Tuesday, December 25, 2012

Today in History: A Christmas Carol

Guest post by Sarah Fitzgerald, Book Division volunteer

Many of our Christmas traditions come from the Victorian Era, including the decoration of Christmas trees and Charles Dickens' story, A Christmas Carol. The Clements has several versions of A Christmas Carol, including an original 1843 printing illustrated by John Leech. John Leech's colored etchings are very expressive.


In the illustration of Mr. Fezziwig's ball, which serves as the frontispiece, Mr. and Mrs. Fezziwig look well fed and good natured and the rest of the guests seem to be enjoying themselves heartily, particularly the couple kissing under a handful of mistletoe.The illustration of the ball makes a sharp contrast against the illustration showing the bleakness of Scrooge's parlor, with it's single candle struggling to dispel the gloom, where Jacob Marley's ghost has come to warn Scrooge to change his miserly ways. Scrooge looks almost as ghostly as his dead partner, as he tries to distance himself from the eerie, transparent sight of Marley in his chains forged from cash-boxes and keys with his head bandaged to keep his jaw on. The picture is done in color, which draws attention to how very little color or gaiety Scrooge has in his home. The same room is transformed into a bower of warmth and bounty when the giant Ghost of Christmas present arrives with climbing plants and rich foods, dressed in a fur trimmed robe, bare-chested and barefooted with a wreath for a crown, a bit like a mixture of Jesus and Santa Claus.




Leech also created black and white woodcuts such as Scrooge trying to snuff out the radiant light of the child-sized first spirit with its own hat.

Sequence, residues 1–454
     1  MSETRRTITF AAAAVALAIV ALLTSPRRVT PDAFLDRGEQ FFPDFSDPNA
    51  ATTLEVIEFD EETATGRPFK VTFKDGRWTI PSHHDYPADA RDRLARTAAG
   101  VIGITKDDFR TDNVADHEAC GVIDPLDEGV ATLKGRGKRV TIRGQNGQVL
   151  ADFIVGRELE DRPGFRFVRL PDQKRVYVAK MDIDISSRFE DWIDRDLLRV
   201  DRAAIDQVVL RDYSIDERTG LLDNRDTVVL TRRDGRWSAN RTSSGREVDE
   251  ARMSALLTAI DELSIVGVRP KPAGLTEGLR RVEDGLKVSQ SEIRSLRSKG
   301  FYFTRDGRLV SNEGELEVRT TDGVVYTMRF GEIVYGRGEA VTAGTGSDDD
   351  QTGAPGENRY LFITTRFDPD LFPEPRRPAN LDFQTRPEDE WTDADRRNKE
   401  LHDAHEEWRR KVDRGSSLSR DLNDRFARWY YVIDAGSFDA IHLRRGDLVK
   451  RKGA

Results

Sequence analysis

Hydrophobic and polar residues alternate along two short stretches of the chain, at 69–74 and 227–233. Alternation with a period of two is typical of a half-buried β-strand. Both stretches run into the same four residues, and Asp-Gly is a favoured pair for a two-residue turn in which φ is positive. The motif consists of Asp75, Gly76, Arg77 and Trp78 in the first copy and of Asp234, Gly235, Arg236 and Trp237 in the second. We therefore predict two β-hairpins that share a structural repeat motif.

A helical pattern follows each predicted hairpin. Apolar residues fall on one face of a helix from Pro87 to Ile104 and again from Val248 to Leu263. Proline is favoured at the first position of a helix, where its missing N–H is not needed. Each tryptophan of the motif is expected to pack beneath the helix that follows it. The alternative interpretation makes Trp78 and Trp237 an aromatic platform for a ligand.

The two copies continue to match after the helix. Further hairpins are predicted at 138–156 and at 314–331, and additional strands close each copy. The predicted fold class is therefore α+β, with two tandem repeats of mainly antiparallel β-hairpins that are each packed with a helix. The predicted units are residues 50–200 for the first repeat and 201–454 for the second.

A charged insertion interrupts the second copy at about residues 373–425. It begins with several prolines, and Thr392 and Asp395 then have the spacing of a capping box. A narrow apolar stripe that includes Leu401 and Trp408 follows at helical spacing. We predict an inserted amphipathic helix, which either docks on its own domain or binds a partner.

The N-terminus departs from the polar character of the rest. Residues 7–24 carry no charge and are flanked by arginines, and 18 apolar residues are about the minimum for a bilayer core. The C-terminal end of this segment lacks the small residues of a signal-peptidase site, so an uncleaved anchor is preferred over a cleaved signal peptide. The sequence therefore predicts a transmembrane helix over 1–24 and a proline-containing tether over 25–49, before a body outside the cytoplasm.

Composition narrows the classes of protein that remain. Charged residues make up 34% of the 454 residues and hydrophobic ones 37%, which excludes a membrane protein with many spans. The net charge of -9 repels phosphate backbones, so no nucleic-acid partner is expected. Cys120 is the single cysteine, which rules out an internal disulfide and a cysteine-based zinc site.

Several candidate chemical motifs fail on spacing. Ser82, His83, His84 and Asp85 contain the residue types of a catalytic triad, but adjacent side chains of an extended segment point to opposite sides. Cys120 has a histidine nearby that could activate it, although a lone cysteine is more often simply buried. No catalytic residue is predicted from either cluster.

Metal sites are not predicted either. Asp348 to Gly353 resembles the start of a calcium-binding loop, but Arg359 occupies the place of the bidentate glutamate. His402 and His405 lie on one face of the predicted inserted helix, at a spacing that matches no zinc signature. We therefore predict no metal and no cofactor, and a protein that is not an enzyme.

In 1844 A Christmas Carol came to America, in the form of a paper pamphlet. It was priced at 6 cents.


In 1899 an edition illustrated in watercolor by George T. Tobin was published. Tobin illustrated Dickens' personification of the December London fog as "The Genius of the Weather" as a corporeal old man hunched against the cold. His version of Marley's staring face on Scrooge's doorknocker is painted in angular relief, as if lit by hellfire and the hair and the background also rise into the shape of flames.

Although many of Tobin's watercolors are spooky, Tiny Tim and Bob Crachit make a tender sight, with Tim perched on his father's shoulder, holding his crutch in hand with help from Bob and each of them is turning his head to look fondly at the other.


A version with illustrations by the notable illustrator, Arthur Rackham was published in 1915. In this version of A Christmas Carol, Stave 1 closes with a sketch of Scrooge's old, bony hands clutching at coins, but Stave 2 opens with the hopeful woodblock image of a sprig of holly, a symbol of Christ and Christmas.



Rackham's illustrated books were popular as Christmas gifts in the early 20th century. This book contains three color images, including Bob Crachit enjoying an icy slide on his way home from a difficult Christmas Eve at work.   

No comments:

Post a Comment